He holds success in store for the upright. Proverbs 2:7
I recently attended a high school graduation during which the speaker provided a needed challenge for the young adults awaiting their diplomas. He mentioned that this was a time in their lives when everyone was asking them, “What’s next?” What career would they be pursuing next? Where would they be going to school or working next? Then he said that the more important question was what were they doing now?
In the context of their faith journey, what daily decisions would they be making that would guide them to live for Jesus and not for themselves?
His words reminded me of the book of Proverbs, which makes many pointed statements about how to live—now. For instance: practicing honesty, now (11:1); choosing the right friends, now (12:26); living with integrity, now (13:6); having good judgment, now (13:15); speaking wisely, now (14:3).
Living for God now, by the leading of the Holy Spirit, makes the decisions about what is next much easier. “The Lord gives wisdom; . . . He holds success in store for the upright, . . . he guards the course of the just and protects the way of his faithful ones” (2:6–8). May God supply what we need for us to live by His guidelines now, and may He guide us into what’s next for His honor.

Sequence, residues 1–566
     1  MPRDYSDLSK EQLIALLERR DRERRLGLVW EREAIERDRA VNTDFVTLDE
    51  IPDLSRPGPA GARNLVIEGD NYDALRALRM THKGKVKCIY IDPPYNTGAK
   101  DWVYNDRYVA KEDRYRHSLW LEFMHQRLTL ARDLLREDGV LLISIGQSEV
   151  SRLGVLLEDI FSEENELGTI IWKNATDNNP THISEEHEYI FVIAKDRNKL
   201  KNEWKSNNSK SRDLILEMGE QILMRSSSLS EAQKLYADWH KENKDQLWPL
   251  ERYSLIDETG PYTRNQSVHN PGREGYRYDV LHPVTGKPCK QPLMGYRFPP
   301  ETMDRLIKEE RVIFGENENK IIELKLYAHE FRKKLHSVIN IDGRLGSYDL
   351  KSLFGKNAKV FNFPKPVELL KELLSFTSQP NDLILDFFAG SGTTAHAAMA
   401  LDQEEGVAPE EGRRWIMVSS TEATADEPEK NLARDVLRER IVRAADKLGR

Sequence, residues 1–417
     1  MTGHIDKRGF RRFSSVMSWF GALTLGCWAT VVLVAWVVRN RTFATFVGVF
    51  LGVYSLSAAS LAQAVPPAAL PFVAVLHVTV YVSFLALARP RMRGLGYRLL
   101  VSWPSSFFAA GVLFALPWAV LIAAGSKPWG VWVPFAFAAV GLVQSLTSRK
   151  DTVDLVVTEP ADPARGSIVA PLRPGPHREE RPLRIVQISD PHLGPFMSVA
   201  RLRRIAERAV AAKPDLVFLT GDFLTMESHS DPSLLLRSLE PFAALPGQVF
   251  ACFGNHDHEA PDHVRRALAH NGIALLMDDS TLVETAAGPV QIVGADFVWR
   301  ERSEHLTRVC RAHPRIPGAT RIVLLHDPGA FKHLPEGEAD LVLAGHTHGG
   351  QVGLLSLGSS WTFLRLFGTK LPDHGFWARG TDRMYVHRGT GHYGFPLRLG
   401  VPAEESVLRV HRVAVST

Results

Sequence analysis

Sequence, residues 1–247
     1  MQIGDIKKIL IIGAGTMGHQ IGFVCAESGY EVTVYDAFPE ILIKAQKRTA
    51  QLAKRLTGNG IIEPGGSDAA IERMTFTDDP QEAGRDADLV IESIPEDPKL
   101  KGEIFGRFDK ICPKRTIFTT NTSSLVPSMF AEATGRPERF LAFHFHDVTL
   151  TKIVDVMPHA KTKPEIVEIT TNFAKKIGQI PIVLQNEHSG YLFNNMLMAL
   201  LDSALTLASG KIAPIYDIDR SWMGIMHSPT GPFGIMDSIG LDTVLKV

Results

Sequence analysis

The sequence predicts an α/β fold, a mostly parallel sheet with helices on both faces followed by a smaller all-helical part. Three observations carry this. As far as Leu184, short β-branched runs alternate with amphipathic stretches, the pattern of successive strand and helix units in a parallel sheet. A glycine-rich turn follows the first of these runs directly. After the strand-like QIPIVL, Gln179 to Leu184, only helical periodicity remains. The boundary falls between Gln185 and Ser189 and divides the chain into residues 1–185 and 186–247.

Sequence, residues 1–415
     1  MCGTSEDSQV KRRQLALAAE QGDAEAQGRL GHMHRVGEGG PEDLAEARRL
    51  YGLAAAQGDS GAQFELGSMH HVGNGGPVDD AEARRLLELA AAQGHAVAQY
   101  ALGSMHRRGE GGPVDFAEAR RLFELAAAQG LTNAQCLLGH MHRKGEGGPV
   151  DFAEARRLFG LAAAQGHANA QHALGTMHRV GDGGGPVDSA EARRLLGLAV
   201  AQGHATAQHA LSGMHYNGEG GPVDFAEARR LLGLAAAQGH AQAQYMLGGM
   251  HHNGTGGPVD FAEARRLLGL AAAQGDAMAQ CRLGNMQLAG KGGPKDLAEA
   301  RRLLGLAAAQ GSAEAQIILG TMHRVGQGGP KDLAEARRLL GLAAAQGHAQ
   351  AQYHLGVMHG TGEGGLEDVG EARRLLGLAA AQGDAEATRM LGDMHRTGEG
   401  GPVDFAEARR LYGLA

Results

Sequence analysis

What changes in direction do you need to make now to honor God? How can you seek God’s guidance and empowerment in doing so?
Thank You, heavenly Father, for Your guidance in my life today. Protect me and give me wisdom to live in a way that both pleases You and reveals who You are.
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The book of Proverbs contains general wisdom applicable to people everywhere. No one has a corner on sayings like “walk with the wise and become wise; associate with fools and get in trouble” (Proverbs 13:20 nlt) and “Ill-gotten treasures have no lasting value” (10:2). But what isn’t common to people everywhere is the attribution of everyday wisdom to the God of gods. The name of the Lord (Yahweh) is used eighty-seven times in Proverbs to give source, story, spirit, and context to the wisdom of these proverbs. The Lord of Israel’s exodus, wilderness, exile, and Messianic hope wants us to know that He’s the beginning and end of all true wisdom and knowledge (2:6). It’s the God of Solomon’s insight who can be trusted to turn even common sense into timely perspective and actions that help us while giving honor to Him (3:5–7).